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Davin Weaver
Engine certification takes a village and we’d like to continue to introduce you to the team behind all of our client success. This month we’re putting the spotlight on Davin Weaver, Senior NRSI (non-road spark ignition) Program Manager Davin Weaver.

How did you get started in engine certification at ECO? –  By complete chance! I previously worked as an Engineering Services contractor to analyze and map power distribution, along with joint-use (fiber optic, telco and cable lines) to ensure compliance, then transitioned to supporting custom reporting and analysis software for the Oil & Gas industry to aid some very talented engineers and geologists at Devon Energy with their drilling operations. After the oil & gas industry tanked in 2016, I spent some time studying programming and database interactions, and had a chance encounter with CEO Josh Pietak around the summer of 2017.


We got to chatting about what ECO did, and at the time he was looking to streamline some of the operations and programs. After going over some potential options based on our discussions, Josh offered me a short-term contract position to do some automation work to mitigate some of the more tedious aspects of the certification programs. After working with Mark Celio for a few months to develop some streamlined processes, I was offered a full-time position and moved back out to California to work with the firm. Shortly thereafter, the previous NRSI Program Manager left his position, and based on my performance, ECO offered me an opportunity to take over his clients and position. The rest, as they say, is history.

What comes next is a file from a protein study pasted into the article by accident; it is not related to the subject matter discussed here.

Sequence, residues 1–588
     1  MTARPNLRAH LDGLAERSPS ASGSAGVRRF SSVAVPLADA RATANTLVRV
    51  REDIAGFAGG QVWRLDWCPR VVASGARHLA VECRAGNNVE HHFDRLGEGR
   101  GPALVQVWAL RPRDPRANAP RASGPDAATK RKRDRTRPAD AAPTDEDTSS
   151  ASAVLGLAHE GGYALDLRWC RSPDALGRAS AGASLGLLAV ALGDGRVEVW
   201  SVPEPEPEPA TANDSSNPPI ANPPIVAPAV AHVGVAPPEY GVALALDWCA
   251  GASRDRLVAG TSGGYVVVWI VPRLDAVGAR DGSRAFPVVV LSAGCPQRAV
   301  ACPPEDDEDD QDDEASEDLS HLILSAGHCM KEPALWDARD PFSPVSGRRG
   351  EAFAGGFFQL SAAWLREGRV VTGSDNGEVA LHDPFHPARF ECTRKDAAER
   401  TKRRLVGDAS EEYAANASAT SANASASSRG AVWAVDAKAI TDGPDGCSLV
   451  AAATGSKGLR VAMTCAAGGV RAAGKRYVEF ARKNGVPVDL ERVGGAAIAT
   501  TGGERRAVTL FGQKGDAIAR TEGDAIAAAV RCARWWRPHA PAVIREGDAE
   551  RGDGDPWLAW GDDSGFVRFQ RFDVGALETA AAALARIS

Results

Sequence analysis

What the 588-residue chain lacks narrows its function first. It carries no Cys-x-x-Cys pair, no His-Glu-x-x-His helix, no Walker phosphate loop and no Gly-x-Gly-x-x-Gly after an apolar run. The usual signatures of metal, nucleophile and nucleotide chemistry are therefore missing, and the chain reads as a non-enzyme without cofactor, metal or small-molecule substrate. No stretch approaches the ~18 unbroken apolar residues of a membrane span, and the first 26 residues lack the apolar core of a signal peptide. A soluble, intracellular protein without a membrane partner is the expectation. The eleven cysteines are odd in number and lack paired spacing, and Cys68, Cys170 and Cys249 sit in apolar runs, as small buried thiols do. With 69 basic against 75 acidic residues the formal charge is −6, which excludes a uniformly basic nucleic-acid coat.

What do I do now at ECO? – I’m currently the senior NRSI Program Manager, though we’re a small firm, so we all wear a number of other hats as the need arises. My primary role is to manage the NRSI (Non-road Spark Ignited) engine manufacturers that ECO represents, which includes the LSI, SSI and MSI categories (Large Spark Ignited, Small Spark Ignited, and Marine Spark Ignited, respectively). This includes discussions with our clients around new & existing engine platforms, discussions with EPA & CARB staff on applications and fringe use-case situations, the annual re-certification of engine families, and keeping up with the wide array of new developments from the governing agencies, both in regards to regulations and policies, and the systems and online portals to interact with the agencies.


In addition, I spend a lot of time working to refine the existing company resources and get out ahead of potential problems. While the EPA and CARB both have the same goal to manage and reduce emissions output, they can vary significantly in their approach and required methodology, so it takes a lot of finessing and negotiation to get engine platforms aligned appropriately with both agencies. As a small example, the requirements for gasoline fuel used in emissions testing for EPA and CARB programs are no longer aligned, and it took a significant amount of planning, negotiation and discussion to ensure that current gasoline engine manufacturers that had certified for EPA & CARB were fulfilling the requirements of both agencies in a satisfactory manner moving forward.


What do I see coming down the pipeline in the specific field I work in? – That’s hard to say, since I don’t have a crystal ball, but I suspect emission limits will be further reduced as better technology permits lower output. I also see the reporting systems increasing in complexity and granularity so that the agencies continue to get a clearer understanding of what’s being produced by manufacturers. While this is definitely a good thing in the long run, there are always some growing pains when undergoing a process like this, and ECO will be there to assist our manufacturers through the ups and downs.